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What are the different types of investment risk?

Recent statistics show that investors are shifting from cash and money market investments to longer-term equity investments.

Since 1926, Canadian equities have returned an average 9.5 per cent total return, while 10-year Canada bonds have returned an average of 6 per cent. While the long-term stamina of Canadian equities is compelling, the equity market is not without risk.

There are many factors that can affect an investment’s risk level. Here are a few key types of risk to consider:

  • Business or default risk: The risk of losing your investment capital if the company runs into financial woes. Just ask investors in Nortel about hot-stock investments going from triple-digit prices to single-digit share prices.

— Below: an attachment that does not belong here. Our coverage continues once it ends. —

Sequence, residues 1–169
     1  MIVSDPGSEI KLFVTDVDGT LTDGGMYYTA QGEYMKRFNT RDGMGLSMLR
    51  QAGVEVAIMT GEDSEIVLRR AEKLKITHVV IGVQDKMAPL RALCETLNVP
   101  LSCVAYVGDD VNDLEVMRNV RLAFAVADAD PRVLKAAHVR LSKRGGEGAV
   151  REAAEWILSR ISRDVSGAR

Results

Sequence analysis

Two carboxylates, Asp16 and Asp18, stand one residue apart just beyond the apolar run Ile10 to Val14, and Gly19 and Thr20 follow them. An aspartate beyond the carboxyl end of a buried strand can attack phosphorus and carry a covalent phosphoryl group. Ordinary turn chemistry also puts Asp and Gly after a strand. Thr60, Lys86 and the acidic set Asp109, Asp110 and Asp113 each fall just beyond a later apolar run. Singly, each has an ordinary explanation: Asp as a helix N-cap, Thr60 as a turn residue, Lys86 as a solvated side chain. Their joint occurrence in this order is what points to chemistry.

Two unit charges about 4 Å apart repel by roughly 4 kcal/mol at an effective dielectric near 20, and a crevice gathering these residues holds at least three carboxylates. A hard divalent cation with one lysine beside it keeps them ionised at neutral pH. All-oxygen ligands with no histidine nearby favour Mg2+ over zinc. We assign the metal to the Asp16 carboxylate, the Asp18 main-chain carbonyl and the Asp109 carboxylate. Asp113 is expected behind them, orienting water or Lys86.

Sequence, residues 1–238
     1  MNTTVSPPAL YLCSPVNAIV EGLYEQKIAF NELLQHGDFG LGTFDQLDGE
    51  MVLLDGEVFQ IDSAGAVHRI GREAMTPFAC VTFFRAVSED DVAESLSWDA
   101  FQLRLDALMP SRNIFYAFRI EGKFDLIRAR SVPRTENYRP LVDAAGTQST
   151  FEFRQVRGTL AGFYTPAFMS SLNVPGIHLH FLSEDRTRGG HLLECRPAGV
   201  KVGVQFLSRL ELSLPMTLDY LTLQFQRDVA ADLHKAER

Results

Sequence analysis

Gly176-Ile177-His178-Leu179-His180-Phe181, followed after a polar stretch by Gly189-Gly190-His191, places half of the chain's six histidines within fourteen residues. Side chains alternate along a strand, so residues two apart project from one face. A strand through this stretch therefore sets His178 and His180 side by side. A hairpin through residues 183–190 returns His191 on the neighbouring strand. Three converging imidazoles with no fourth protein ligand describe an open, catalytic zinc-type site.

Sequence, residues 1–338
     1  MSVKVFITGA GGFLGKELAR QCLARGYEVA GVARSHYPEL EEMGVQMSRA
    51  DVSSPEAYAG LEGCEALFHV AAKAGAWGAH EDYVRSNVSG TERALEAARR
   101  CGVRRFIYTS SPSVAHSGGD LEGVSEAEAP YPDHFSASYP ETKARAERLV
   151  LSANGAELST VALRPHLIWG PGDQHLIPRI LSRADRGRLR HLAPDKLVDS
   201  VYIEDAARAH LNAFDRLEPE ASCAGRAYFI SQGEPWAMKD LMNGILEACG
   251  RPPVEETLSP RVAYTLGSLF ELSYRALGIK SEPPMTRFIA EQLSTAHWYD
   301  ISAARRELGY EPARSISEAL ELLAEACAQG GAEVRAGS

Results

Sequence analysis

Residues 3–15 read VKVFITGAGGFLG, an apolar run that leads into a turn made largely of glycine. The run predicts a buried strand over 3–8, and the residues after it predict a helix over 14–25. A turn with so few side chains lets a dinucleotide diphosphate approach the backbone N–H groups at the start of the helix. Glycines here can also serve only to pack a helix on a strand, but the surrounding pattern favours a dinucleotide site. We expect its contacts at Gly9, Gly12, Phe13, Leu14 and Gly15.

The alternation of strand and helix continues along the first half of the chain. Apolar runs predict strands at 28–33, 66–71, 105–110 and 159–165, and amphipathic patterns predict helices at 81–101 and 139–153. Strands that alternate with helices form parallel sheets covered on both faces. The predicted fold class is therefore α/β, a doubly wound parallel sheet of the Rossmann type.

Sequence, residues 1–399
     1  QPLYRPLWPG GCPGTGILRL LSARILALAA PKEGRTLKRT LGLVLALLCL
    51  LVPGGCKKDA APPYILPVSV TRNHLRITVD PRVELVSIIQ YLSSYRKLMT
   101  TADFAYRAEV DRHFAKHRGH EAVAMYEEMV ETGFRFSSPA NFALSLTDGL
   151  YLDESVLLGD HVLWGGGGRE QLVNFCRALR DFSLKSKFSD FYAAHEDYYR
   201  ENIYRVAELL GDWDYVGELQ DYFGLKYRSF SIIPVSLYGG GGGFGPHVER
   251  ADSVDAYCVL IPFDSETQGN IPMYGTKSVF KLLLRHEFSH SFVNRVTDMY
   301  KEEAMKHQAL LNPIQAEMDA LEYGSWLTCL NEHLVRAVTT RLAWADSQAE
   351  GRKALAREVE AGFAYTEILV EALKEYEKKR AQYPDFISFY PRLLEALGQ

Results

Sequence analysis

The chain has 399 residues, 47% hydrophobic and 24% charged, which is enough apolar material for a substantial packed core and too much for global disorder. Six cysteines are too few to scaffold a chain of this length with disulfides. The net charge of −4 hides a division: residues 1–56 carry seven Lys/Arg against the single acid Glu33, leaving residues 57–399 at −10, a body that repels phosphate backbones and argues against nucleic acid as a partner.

• Liquidity risk: The risk of not being able to cash in your investment when you want, and at a reasonable price. Many investments must be sold on the open market and may not be highly liquid. If liquidity and market demand is low, you won’t get a good price for your investment.
  • Interest rate risk: The risk that changes in interest rates will affect the value of your investments. Bond prices are particularly sensitive to interest rates.
  • Inflation risk: The risk that the return on your investment will be less than inflation. Inflation is buying power risk. If the return on your investment is less than inflation, then you are poorer than when you started. Simply put, you have lost part of your buying power because inflation has pushed up prices for essential living expenses.
  • Market risk: The bottom line is that all investments are susceptible to market risk. No matter how high the quality of the issuer or meticulous the selection process, most security prices follow general market trends and economic cycles.

Risk repellent

Your best investment risk repellent is a portfolio mix of cash, equities and bonds. Add to that mix, careful research, and an experienced, trusted financial advisor.